The Bengals ran a simple stunt that we used to call a "pirate" back in the day when I played in the NFL. That's where the defensive end on one side, who is usually lined up in a wide-five technique outside of the tackle, and the three technique, who is lined up on the outside shoulder of the guard, both stunt inside by one gap. That means that the defensive end starts out in the C gap outside of the offensive tackle, but goes inside to the B gap between the offensive tackle and offensive guard, while the three technique goes from that B gap to the A gap between the offensive guard and center.
Now, if you watch a lot of football you probably see teams run this kind of line stunt a gazillion times, most of the time they don't tend to make much of an impact on the play. I am of the belief that it's usually because the guys running them don't use good technique when doing so. I see cats every week not taking a good step inside to help them get where they are trying to go and/or not executing good rip moves to help free them from the offensive lineman's block. But when you do the little things right, things tend to go better for you than they would otherwise.
Dunlap lined up wide and, because he had already beaten James around the edge, James had to respect his speed rush. On the snap Dunlap took a big step inside as James was taking a big kick step outside to try to block him. It was like two ships passing in the night, as my old defensive line coach Rod Marinelli would say.
Dunlap wasn't content with just getting in the B gap. He went ahead and executed the rip move on James to ensure that he had no chance of recovering to block him.
Dolphins right guard Jermon Bushrod, who had been preoccupied trying to block Peko's stunt inside initially, ended up having a chance to block Dunlap, too, after he passed Peko off to the center. But, unlike a lot of dudes, Dunlap was able to transition from ripping off James' block attempt to swatting Bushrod's hands and ripping off his block in the blink of an eye so that he didn't get pushed past the level of the quarterback.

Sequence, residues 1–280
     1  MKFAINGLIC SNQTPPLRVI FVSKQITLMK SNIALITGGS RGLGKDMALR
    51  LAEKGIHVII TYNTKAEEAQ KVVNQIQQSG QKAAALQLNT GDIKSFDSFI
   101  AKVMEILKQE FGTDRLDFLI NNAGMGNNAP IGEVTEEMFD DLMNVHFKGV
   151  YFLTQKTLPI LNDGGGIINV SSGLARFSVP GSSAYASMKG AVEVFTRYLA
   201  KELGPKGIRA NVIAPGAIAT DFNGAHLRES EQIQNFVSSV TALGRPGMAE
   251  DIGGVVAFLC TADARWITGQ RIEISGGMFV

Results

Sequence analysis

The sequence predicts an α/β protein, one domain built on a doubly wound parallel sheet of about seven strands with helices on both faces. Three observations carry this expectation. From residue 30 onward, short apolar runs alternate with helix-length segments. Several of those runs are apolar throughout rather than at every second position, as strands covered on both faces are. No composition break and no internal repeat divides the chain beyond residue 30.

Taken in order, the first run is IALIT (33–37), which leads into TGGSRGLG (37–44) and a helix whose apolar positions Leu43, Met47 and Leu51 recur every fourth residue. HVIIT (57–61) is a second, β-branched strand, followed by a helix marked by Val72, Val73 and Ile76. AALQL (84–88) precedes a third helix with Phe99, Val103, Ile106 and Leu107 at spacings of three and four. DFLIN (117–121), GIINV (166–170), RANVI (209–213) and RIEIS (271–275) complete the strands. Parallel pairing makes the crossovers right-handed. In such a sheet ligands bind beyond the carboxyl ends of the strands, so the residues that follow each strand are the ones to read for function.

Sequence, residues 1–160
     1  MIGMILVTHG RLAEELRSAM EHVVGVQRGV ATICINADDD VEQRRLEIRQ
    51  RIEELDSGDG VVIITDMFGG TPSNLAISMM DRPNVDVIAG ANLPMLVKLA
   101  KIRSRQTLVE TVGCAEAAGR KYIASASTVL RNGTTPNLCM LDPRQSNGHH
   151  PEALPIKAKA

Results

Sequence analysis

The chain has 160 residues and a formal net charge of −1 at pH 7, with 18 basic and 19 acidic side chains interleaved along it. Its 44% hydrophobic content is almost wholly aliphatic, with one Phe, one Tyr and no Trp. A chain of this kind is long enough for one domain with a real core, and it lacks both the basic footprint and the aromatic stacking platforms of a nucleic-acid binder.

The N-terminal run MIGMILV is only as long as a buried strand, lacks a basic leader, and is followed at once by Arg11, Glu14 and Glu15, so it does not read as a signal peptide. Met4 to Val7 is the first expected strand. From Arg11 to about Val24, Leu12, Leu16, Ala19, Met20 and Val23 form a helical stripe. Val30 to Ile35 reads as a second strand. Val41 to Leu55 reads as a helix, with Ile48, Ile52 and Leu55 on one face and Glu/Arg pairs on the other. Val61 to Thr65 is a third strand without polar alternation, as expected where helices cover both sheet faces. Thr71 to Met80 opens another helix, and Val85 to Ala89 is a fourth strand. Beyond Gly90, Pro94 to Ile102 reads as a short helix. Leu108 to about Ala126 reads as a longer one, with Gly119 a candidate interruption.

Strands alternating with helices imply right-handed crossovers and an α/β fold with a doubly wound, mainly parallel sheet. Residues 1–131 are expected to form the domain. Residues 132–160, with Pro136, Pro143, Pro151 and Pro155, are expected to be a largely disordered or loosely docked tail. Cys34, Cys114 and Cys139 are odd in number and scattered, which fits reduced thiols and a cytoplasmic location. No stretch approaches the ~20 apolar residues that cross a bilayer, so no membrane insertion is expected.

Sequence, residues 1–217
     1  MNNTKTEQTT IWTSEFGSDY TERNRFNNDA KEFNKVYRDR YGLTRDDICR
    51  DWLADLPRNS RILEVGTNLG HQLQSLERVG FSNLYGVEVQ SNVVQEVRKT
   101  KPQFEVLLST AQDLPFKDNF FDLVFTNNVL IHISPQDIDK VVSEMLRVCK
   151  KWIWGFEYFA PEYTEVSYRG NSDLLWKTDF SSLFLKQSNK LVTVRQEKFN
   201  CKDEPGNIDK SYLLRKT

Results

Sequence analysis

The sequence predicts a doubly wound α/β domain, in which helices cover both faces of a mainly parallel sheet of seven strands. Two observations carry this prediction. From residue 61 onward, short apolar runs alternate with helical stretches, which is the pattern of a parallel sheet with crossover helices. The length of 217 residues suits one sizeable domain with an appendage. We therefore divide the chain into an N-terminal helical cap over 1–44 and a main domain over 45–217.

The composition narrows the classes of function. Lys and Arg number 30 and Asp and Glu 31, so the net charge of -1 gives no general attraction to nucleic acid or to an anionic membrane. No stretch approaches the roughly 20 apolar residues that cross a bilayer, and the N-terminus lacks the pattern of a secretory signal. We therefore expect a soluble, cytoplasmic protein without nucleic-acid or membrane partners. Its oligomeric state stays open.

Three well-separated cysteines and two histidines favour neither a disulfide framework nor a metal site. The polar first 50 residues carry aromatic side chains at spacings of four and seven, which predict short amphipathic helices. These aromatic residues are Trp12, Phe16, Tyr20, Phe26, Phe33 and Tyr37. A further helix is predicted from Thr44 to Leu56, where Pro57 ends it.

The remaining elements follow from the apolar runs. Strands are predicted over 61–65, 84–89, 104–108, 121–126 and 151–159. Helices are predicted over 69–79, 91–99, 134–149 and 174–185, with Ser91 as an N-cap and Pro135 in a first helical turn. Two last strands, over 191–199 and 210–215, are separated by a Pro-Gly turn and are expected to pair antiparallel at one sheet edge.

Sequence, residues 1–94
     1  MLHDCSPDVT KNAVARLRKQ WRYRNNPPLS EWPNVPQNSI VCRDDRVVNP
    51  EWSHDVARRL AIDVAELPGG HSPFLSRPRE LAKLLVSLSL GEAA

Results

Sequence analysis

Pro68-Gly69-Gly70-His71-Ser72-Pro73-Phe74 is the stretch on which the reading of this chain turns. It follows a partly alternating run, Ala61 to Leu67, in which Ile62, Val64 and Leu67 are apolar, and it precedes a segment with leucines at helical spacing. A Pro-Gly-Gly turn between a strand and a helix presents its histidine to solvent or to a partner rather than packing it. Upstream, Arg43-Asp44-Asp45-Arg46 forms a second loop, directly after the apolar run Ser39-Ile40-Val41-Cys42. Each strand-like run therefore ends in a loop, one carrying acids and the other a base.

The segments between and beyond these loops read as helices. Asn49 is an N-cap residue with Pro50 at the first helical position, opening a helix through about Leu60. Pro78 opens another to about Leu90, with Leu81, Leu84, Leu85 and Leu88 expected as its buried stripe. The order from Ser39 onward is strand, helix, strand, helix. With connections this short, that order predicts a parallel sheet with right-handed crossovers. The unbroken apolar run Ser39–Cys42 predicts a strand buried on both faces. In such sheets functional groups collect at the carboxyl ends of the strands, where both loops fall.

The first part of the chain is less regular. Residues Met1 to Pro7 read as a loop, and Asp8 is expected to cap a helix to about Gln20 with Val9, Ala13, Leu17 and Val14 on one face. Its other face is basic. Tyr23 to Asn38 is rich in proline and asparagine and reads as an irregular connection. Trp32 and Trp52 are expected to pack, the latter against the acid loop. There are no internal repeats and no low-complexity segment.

Tannehill was barely done with his dropback before Dunlap was dragging him down to the turf.
As for that third pressure, I wanted to highlight that too because, although Dunlap normally plays most of the time as a left defensive end, on the Dolphins' last offensive snap of the game he was at right defensive end going against Miami's rookie left tackle Laremy Tunsil.
This time Dunlap went with a straight-up speed rush. He got a good jump off the snap of the ball, but once again he didn't just rely on his athleticism. He turned his hips toward the quarterback, sunk in a good rip on Tunsil and exploded upfield towards Tannehill.
Dunlap dove at Tannehill's legs and while he didn't quite get there for the sack, I do think he affected the throw, which ended up being a little bit behind Landry, falling to the ground for an incompletion to effectively end the game at the two-minute warning.
The score was already 22-7, so there wasn't much chance of the Dolphins coming back anyway, but that was a really nice pass-rush move, so I just had to point that out.
Carlos Dunlap turned in a very memorable performance last Thursday night, dominating the Dolphins to help his team get back to .500 for the season. That's why he is my choice for Hoss of the Week for Week 4 of the NFL season.